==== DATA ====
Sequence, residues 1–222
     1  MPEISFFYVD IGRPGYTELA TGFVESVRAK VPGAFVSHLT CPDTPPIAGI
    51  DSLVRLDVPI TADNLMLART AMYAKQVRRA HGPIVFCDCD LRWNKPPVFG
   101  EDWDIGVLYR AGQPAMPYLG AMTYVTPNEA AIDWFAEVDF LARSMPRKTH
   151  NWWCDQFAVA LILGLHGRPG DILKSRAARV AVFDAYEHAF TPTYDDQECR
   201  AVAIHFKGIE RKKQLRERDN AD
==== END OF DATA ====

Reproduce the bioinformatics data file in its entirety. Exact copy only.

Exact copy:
Sequence, residues 1–222
     1  MPEISFFYVD IGRPGYTELA TGFVESVRAK VPGAFVSHLT CPDTPPIAGI
    51  DSLVRLDVPI TADNLMLART AMYAKQVRRA HGPIVFCDCD LRWNKPPVFG
   101  EDWDIGVLYR AGQPAMPYLG AMTYVTPNEA AIDWFAEVDF LARSMPRKTH
   151  NWWCDQFAVA LILGLHGRPG DILKSRAARV AVFDAYEHAF TPTYDDQECR
   201  AVAIHFKGIE RKKQLRERDN AD